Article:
A widower struggles to appease Orthodox tradition and raise his son in this observational drama, shot in a camera-shy Hasidic Brooklyn neighbourhood.... More
"Menashe (Menashe Lustig), a kind, hapless grocery store clerk, struggles to make ends meet and responsibly parent his young son, Rieven, following his wife Leah's death. Tradition prohibits Menashe from raising his son alone, so Rieven's strict uncle adopts him, leaving Menashe heartbroken. Meanwhile, though Menashe seems to bungle every challenge in his path, his rabbi grants him one special week with Rieven before Leah's memorial. It's his chance to prove himself a suitable man of faith and fatherhood, and restore respect among his doubters." (Sundance Film Festival)Hide
YOUR RATING & REVIEWWATCHLIST
BY Liam Maguren Flicks Writer
The premise for Menashe makes it seem like a typical underdog story. Set in a social pocket of modern Brooklyn, the film follows the unorthodox titular character looking to subvert the norms of his completely orthodox Jewish community. He’s a widower looking to raise his boy by himself – a total no-no in the faith’s eye. The Rabbi wants/needs him to remarry, but Menashe has no interest in the matchmaking process.... More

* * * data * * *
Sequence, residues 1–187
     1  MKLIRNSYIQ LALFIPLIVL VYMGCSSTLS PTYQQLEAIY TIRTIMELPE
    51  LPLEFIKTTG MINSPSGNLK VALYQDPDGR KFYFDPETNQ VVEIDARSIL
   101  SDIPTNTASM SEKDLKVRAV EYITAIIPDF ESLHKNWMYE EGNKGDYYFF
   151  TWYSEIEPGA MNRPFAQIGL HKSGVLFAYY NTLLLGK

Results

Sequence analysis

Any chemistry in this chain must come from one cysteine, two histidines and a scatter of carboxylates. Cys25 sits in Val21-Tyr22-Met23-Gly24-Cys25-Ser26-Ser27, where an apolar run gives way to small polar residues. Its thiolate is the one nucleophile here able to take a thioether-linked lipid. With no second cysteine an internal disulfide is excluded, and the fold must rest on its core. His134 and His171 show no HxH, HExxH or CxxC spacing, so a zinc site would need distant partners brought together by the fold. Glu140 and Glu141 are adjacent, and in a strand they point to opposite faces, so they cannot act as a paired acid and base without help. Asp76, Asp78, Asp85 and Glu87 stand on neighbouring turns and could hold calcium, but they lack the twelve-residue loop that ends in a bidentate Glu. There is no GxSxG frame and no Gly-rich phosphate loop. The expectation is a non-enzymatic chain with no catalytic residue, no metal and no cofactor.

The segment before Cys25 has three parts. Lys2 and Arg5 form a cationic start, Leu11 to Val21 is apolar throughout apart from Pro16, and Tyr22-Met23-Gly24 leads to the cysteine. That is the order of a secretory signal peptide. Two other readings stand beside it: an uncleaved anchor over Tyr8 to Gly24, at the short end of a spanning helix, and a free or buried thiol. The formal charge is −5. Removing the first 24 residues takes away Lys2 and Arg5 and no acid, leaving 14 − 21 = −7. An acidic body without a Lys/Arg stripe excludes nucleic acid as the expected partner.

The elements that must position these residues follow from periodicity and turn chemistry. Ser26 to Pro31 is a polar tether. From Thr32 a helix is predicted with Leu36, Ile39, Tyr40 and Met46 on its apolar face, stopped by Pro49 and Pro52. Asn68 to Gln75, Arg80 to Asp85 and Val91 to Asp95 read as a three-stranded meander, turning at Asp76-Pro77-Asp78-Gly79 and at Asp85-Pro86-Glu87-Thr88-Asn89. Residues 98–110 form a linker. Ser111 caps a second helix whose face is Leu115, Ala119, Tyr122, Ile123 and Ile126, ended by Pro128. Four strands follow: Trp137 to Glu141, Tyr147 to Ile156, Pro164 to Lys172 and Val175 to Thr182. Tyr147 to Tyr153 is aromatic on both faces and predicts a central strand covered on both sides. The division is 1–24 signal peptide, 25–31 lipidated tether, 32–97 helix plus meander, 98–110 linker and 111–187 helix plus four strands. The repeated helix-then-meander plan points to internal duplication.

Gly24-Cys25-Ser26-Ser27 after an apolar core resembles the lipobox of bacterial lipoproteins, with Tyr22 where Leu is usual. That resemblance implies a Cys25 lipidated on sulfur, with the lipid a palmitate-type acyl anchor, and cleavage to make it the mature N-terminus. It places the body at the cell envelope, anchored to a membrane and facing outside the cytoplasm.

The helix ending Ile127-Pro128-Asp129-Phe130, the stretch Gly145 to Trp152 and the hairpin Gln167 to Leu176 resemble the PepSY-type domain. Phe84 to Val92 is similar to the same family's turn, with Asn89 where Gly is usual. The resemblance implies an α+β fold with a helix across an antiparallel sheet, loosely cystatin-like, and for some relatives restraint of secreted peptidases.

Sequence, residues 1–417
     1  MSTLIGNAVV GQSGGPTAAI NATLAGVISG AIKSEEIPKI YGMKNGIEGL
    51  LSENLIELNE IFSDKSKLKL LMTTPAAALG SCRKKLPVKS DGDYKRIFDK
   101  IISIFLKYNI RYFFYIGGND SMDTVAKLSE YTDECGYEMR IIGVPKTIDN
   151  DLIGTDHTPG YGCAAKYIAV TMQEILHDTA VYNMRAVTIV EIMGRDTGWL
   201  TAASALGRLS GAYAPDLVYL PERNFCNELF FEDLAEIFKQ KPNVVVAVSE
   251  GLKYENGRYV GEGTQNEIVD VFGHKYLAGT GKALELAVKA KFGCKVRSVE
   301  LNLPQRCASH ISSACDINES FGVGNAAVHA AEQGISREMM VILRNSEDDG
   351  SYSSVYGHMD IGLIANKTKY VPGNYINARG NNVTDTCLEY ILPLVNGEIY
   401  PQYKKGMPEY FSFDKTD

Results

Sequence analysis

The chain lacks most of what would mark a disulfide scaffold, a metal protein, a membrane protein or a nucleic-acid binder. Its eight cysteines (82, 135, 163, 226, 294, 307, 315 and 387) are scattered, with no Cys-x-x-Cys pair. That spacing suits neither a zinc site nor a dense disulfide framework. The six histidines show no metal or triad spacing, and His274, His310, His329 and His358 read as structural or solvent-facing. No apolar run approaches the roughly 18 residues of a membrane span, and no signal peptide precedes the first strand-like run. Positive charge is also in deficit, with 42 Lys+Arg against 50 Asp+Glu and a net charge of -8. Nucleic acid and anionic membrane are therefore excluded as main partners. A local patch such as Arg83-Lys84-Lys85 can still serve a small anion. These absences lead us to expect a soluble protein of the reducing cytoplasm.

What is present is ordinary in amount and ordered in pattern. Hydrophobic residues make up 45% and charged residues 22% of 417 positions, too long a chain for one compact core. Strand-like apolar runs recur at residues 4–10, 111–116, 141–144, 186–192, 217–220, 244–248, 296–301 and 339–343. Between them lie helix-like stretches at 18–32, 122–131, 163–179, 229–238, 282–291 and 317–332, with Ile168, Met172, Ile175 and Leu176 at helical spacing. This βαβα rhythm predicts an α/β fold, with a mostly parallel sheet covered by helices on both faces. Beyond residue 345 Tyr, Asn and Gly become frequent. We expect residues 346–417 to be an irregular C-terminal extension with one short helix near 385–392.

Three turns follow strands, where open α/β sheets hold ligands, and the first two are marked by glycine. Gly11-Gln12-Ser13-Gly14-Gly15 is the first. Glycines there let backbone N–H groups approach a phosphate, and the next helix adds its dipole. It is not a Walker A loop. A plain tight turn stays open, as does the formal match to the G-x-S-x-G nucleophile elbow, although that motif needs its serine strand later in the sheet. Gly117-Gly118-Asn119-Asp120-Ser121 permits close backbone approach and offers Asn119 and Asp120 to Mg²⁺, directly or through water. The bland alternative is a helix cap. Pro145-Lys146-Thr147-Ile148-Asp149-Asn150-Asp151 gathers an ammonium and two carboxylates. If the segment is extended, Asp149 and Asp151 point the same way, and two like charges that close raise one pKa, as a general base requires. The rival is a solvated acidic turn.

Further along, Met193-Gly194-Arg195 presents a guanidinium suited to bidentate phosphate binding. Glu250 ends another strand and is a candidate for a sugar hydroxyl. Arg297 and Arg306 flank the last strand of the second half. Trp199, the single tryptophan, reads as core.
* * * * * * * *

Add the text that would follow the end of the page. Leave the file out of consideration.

It’s easy to root for him at first, but it doesn’t take the film long to shake that support. A year without an old-fashioned housewife has turned Menashe into an untucked shirt of a man, capable (barely) of holding down a grocery store job but unable to do basic adult stuff like set an alarm clock or cook a simple meal. (The day he gets his son back from the salty brother-in-law, it’s cake and Coke for breakfast.)
Menashe wants to be a good single parent so badly, and his earnest intentions are sympathetic, but the film does a stupendously cruel job making you question if he ever could be. Perhaps he’s been pigeonholed too firmly by his religion. Perhaps he really is just that useless. The film doesn’t give straight answers, and it’s all the more thought-provoking for it. More importantly, it doesn’t put anyone under a looming shadow of shame which, for a film that observes a non-secular world, is an importantly non-judgemental touch.
Making his first foray into narrative film, documentary director Joshua Z Weinstein keeps things grounded with subdued performances and a visual style that feels typical of a seasoned documentarian. Partly based on the life of lead actor Menashe Lustig, it’s a sensible approach to take, though it’s Lustig who makes the most surprising debut. His occasional displays of warmth, determination, and pain puncture through a largely subdued performance. It comes from a real place, as does the sweet, string-filled, sorrowful score by From the Mouth of the Sun.Hide